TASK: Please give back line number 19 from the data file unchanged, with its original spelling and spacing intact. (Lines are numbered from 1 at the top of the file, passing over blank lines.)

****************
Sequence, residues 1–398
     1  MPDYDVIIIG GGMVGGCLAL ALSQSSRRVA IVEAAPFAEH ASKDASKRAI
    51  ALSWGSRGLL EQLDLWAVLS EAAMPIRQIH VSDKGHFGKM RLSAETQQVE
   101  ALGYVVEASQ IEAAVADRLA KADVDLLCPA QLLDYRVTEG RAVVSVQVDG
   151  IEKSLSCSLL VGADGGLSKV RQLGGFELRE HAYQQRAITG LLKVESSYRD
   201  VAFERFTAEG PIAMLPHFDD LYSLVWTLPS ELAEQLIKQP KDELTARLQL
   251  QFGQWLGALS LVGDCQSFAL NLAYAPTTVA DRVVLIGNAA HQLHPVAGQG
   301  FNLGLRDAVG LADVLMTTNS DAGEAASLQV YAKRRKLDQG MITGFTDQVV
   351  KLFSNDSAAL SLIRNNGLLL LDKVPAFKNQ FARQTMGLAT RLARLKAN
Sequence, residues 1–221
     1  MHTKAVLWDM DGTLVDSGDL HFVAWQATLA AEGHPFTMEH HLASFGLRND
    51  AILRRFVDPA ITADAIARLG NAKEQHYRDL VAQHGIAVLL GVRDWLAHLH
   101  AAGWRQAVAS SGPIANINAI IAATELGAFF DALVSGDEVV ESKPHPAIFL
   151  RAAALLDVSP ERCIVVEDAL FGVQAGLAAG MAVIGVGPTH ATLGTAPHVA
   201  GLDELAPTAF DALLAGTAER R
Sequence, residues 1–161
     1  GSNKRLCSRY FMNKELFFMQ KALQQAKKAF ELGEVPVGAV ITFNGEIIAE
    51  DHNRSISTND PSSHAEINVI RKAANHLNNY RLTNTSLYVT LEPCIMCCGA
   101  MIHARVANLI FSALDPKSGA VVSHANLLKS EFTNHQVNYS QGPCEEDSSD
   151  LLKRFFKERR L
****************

   101  MIHARVANLI FSALDPKSGA VVSHANLLKS EFTNHQVNYS QGPCEEDSSD